In this 2002 file photo, a golfer putts on the first green at Streamside Golf Course in Winterport. The layout, operated since 1998 by Galen Wellman, has been sold and will not reopen. Credit: BDN file photo

The Streamside Golf Course in Winterport, which was resurrected in 1998 by Galen Wellman after it had sat dormant since 1970, was sold by Wellman last summer and will no longer be a golf course.

The last day of play was Sept. 22.

Wellman sold the property to Doug Solman, the president of Maine Distributors, who verified that it will be for his own personal use.

Streamside was a 2,683-yard, par-36 nine-hole course and there is also a clubhouse and a barn on the property.

The sale price was believed to be in the vicinity of $400,000 but Wellman would not disclose the financial terms. He put it on the market in June and it sold within a few weeks.

“I was kind of surprised,” said Wellman, adding that he is glad he sold it to a nice person like Solman.

Several Maine golf courses have gone by the wayside in recent years.

Katahdin Country Club in Milo closed earlier this year after 90 years in business, while Sable Oaks Golf Club in South Portland went out of business in 2019. Great Cove Golf Course in Roque Bluffs was shut down in 2017 and Kenduskeag Golf and Country Club was sold in 2016 and did not reopen.

According to the National Golf Foundation, the number of golf courses nationwide has dropped by about 10 percent since 2006.

Wellman, a Winterport native who will soon turn 64, said he had been considering selling the course for some time and that the COVID-19 restrictions were the last straw.

He has since relocated to The Villages in central Florida and is working part time at a golf course there.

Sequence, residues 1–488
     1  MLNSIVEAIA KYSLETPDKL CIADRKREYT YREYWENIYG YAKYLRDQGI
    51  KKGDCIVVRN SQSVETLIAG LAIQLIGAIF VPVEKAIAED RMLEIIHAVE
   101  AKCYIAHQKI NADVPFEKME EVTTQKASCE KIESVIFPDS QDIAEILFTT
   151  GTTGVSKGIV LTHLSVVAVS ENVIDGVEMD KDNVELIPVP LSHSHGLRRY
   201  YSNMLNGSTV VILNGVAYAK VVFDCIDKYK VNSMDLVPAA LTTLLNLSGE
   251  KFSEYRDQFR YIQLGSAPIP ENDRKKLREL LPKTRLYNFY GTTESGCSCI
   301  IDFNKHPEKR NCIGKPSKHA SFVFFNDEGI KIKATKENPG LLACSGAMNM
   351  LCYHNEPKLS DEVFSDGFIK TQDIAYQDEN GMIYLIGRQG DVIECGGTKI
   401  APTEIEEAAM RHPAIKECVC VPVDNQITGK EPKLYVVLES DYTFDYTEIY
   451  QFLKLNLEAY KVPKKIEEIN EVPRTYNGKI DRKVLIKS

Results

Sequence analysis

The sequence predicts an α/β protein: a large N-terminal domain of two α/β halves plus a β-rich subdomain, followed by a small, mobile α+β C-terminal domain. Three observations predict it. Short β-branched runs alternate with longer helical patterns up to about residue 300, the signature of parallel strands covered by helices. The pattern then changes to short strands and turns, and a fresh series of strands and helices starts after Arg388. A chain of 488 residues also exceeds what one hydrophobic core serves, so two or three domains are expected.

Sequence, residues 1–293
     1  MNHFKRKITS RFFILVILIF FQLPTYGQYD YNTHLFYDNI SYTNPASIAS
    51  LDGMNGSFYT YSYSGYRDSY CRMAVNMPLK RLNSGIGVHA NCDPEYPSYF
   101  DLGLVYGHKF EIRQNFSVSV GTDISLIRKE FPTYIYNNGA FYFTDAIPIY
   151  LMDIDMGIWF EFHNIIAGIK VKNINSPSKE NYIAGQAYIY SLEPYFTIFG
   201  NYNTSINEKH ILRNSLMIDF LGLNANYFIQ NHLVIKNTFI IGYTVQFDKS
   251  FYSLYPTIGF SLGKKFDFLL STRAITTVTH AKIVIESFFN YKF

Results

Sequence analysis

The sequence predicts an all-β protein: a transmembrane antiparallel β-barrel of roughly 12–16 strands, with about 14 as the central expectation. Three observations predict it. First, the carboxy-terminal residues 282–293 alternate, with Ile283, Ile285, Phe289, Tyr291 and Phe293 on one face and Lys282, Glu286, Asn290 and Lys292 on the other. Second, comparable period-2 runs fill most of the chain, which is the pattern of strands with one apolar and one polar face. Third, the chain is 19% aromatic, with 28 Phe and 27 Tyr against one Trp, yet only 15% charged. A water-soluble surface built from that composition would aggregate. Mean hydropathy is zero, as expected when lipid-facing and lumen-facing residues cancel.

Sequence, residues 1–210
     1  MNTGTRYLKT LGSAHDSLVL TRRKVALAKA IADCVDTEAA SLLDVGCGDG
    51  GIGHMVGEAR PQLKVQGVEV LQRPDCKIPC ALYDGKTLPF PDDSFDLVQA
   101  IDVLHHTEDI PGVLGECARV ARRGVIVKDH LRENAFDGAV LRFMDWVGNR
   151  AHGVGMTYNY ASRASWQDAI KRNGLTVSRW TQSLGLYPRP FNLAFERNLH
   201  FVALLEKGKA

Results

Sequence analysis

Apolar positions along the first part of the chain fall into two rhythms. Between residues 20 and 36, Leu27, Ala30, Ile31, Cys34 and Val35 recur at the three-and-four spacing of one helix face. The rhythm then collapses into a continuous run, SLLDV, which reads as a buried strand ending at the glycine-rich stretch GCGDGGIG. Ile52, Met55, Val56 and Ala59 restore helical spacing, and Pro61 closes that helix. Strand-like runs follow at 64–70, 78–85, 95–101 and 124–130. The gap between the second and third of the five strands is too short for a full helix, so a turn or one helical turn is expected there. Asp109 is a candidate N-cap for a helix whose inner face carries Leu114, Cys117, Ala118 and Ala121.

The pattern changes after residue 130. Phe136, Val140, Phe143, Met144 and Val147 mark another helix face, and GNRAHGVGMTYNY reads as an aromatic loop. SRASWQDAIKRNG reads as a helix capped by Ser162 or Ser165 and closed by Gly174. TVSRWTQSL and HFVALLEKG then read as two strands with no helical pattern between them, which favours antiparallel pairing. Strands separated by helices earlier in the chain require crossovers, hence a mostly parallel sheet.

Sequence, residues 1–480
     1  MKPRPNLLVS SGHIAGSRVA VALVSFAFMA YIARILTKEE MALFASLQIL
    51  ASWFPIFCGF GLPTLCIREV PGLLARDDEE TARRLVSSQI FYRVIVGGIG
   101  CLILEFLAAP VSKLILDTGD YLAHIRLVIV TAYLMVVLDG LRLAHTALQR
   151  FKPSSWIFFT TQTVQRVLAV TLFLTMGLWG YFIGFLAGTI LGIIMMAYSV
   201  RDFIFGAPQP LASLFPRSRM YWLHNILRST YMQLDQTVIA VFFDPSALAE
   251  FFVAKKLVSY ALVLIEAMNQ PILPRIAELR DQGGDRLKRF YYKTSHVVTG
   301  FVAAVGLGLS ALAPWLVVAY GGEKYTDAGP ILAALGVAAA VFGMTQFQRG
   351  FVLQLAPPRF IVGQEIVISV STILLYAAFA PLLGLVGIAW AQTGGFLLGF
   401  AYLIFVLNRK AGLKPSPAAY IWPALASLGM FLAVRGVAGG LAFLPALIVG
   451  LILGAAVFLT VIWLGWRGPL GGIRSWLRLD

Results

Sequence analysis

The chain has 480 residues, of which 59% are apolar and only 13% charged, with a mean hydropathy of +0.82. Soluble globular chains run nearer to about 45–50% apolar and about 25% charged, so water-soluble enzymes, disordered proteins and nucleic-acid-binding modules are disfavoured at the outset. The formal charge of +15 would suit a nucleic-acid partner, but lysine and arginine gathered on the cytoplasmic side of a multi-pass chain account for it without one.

Wellman explained that although Streamside was doing as well if not better than most years in terms of the amount it was played, the state’s restrictions concerning food and alcohol distribution were impactful.

“I let the alcohol and food licenses [lapse]. I didn’t want to deal with it,” Wellman said.

The course formerly hosted weddings in the barn, but that business also went by the wayside.

“To be honest, I didn’t like the way the state was leaning toward that stuff. I didn’t want the government telling me what to do and what not to do,” Wellman said.

He remembers back when the course was in operation from 1957-1970.

“A lot of people from all over played there,” he said. “It was open before the Bangor Muni.”

Bangor Municipal Golf Course opened in 1964.

After it closed the first time, it sat idle until Wellman bought it in 1998.

“It was a hayfield. We had to start from scratch,” he said.

Wellman described operating the course as a labor of love and said he didn’t buy it to try to make money.

“I met an awful lot of nice people there,” he said. “There are a lot of guys out there who have been with me from the beginning. Most of us are getting longer in the tooth, if you know what I mean.

“It was through the efforts of the members that enabled us to keep it going,” he added.